Nova Scotia election: Looking for clarity on economic development

A couple of people asked me to weigh in on the Nova Scotia election.  As long time readers will know I have a horrendous track record of choosing winners in political races – I think I have been wrong most of the time – so I don’t make predictions anymore but I’ll make a few observations.

You have to cut through the ‘politics’ and look for serious policy positions – and this can be hard.  Every party will talk about doling out new money – for university students, for seniors, for health care, etc. – but how to pay for it is another issue.

The PCs in Nova Scotia seem to be talking about the most radical change – eliminating the small business corporate tax, raising the population to 1 million, eliminating ‘corporate welfare’ but if you look closely the pathway to 1 million is not well defined – at all.  Remember Shawn Graham made BHAGs (big, hairy, audacious goals) but was also skimpy on the details.  NB was going to eliminate equalization by 2026.  It was going to raise its population by 100,000.  It was going to attract 5,000 immigrants per year.  I won’t go back to the Lord years but he also served up whoppers (like rising to 4th in Canada among the provinces for R&D spending).  The Alward government eschewed the BHAGs in favour of slow and steady wins the race but some folks would argue that slow and steady has turned into inertia.    By the time of the NB election next year, we will still have a huge provincial deficit and a stagnant economy.

What does this mean for the Nova Scotia election?

If you under-promise and under-deliver (Alward) you risk apathy.  If you over-promise and under-deliver (Graham) you risk frustration.   You have to find a way to under-promise and over-deliver (?).

While most economists (not all) promoted the idea of a hike in the HST to balance the books it doesn’t seem to have led to political gains in Nova Scotia.  According to RBC Economics, NS has balanced its budget while New Brunswick looks to be stuck in deficit position until at least 2017.  But Nova Scotians don’t seem to be giving the NDP government credit for the balancing.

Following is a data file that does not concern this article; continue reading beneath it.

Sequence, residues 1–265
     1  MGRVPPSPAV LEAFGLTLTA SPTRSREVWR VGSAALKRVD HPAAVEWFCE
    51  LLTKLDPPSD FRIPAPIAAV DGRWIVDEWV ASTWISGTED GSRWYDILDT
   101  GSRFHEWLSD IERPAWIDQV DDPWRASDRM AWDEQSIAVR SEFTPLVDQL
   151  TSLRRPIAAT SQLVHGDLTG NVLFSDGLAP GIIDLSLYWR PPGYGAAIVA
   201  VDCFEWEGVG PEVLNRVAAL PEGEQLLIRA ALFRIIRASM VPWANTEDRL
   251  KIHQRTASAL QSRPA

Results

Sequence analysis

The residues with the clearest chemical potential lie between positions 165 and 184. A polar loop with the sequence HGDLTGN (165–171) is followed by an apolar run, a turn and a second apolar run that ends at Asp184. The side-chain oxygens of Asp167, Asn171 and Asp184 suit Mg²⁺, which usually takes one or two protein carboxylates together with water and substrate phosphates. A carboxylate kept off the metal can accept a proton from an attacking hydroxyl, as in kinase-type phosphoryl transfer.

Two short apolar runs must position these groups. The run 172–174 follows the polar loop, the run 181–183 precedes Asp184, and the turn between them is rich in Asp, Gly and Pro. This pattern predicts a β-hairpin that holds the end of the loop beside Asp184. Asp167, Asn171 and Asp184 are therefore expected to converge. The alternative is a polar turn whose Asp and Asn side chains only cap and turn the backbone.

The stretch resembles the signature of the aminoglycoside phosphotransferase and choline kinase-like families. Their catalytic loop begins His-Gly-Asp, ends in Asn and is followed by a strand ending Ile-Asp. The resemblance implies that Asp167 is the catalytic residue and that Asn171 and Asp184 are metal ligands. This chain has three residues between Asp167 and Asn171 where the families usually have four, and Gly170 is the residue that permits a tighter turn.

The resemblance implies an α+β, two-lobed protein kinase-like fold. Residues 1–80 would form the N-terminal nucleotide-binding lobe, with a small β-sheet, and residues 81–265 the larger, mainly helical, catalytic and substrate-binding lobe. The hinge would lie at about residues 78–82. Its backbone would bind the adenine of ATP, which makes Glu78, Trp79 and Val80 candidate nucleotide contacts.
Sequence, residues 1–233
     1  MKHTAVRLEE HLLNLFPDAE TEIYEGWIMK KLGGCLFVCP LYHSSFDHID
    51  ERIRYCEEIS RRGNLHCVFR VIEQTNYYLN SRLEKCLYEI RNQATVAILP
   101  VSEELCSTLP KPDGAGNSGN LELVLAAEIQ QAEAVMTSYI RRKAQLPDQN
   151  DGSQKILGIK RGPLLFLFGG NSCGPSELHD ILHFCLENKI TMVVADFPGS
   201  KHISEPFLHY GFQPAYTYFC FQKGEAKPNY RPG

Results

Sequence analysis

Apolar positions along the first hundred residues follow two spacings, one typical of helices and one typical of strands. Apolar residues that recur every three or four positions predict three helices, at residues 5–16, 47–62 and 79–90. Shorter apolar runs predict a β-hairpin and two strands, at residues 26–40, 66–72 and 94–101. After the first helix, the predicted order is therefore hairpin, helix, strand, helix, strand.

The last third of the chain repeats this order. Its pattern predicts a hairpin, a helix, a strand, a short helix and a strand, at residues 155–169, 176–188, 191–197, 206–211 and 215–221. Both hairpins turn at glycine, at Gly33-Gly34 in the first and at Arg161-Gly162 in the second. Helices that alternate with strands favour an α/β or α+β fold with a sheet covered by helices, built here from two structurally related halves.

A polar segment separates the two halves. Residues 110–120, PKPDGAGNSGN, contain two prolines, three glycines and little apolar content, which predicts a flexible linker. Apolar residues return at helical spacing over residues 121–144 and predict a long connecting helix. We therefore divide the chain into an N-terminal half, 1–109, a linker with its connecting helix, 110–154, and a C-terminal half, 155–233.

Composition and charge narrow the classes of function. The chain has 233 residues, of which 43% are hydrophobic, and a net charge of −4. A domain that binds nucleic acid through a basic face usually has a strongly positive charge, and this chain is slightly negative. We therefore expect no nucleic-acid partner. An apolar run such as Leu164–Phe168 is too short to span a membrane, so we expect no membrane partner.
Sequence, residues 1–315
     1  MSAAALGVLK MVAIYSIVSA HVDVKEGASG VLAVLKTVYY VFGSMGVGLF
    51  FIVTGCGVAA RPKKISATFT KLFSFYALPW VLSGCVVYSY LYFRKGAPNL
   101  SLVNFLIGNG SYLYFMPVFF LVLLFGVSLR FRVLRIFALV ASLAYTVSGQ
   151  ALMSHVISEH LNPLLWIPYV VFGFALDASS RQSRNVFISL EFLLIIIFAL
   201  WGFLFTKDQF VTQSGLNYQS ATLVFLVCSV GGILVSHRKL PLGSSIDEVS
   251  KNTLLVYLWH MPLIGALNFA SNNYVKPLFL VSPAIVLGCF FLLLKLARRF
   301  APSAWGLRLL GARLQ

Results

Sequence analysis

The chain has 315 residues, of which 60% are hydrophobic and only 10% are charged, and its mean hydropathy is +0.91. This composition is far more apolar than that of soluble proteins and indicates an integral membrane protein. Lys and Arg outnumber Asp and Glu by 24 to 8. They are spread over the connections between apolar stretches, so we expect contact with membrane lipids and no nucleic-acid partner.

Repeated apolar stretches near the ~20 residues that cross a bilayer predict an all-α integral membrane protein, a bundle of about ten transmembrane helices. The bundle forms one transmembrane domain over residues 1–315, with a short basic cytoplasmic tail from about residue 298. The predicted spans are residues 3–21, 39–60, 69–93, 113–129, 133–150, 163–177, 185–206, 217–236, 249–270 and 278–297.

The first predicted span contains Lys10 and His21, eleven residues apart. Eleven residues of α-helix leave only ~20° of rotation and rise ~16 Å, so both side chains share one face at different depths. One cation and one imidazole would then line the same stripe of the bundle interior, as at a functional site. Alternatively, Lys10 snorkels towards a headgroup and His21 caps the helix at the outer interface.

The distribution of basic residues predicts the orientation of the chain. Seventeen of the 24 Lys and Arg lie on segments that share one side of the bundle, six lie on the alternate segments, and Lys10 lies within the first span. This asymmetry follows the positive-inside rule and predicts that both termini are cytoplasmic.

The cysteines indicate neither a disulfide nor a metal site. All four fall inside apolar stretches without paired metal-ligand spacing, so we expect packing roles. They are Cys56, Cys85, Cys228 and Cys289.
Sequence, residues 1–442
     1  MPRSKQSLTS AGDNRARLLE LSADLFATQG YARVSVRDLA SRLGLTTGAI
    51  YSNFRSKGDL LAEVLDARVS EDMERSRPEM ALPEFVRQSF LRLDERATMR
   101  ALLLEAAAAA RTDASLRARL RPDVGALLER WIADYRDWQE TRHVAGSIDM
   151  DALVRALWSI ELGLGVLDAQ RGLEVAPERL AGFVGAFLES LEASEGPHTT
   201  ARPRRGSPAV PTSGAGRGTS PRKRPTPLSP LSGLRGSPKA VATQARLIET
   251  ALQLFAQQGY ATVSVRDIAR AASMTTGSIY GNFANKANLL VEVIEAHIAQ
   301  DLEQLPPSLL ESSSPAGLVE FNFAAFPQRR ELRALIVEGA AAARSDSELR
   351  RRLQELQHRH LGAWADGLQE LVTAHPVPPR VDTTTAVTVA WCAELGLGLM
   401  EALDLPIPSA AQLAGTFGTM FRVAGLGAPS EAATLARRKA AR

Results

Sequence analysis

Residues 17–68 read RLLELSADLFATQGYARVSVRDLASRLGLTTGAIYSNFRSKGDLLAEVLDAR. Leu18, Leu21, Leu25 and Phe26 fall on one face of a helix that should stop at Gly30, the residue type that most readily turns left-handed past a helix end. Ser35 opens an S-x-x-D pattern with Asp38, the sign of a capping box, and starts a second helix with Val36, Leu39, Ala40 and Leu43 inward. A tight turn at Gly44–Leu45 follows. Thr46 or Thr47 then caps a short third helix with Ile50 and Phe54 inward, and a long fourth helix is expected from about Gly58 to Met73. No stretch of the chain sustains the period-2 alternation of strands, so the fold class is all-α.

The federal Tories, IMO, were quite good at targeting niche segments of the population – mom business owners (now can access EI), volunteer firefighters (now can expense equipment), parents with young children in sports and arts (now can deduct costs from taxes), etc.  Young women in general break heavily towards the NDP, Greens and Libs but the Tories saw a niche in suburban female business owners.  I think there are potential learnings from this for NS and NB politicians although some hard core Tories might bristle against using the tax code/targeted tax breaks for political gains.

In the end, I don’t see anything in any of the NS platforms that will lead to a substantial boost in the provincial economy.  Lowering/eliminating small business taxes is a gimmick that doesn’t work.  Lord did it in New Brunswick and the number of small businesses declined and the number of people employed in small businesses declined.  Politicians love this gimmick because small business owners tend to be politically active and are spread across the province (they are also fairly influential).

If the NS tories want to stimulate employment growth among small businesses they need to figure out how to get more of them exporting or they need to figure out how to grow the economy in other ways which will benefit the 95 percent of small businesses that generate 100% of their business within Nova Scotia.

None of the parties seem to be talking about immigrant entrepreneurs as a growth strategy.   I’d like to see at least one party talk about attracting immigrant entrepreneurs that will use NS as a base for North American markets.  We tend to view foreign investment as a big company thing but there are thousands of entrepreneurs looking to get into the North American market and very few of them ever settle in the Maritimes.

It would be interesting if one of the parties would have an honest discussion about oil and gas development.  They won’t, of course, because it has become toxic.  This is a shame.  We should at least be exploring the potential of oil and gas as a growth opportunity across the region.  This has been a huge boost to the Saskatchewan economy – which looked a lot like the Maritimes in the mid-1990s.

Attracting investment to Nova Scotia also seems to be a subject with limited attraction.  I haven’t heard much about this but someone should be talking about expanding Halifax’s role as a financial services hub, attracting investment into life sciences and ICT.   I guess multinational companies don’t ‘vote’ but the thousands of people employed within these firms do vote.  I would shout out to the Michelins, Pratt Whitneys, General Dynamics’, etc. and thank them for investing in Nova Scotia and ask for more.

Finally, we need to foster a new wave of ambitious NS-based entrepreneurs.  Not the lifestyle small business owners but the insatiable entrepreneurs that want to use NS as the platform to build a global business.  We see some of those but relatively few.  There doesn’t seem to be much policy discussion around that other than some interesting moves on the VC and incubation front.

I would encourage all politicians to tell the public the truth.  Without a moderate to solid growth rate, Nova Scotia will continue to wither economically and that will put even more pressure on the cost and quality of public services.  Politicians have been reluctant to draw the direct link between economic growth and the quality of public services.  This is a mistake.




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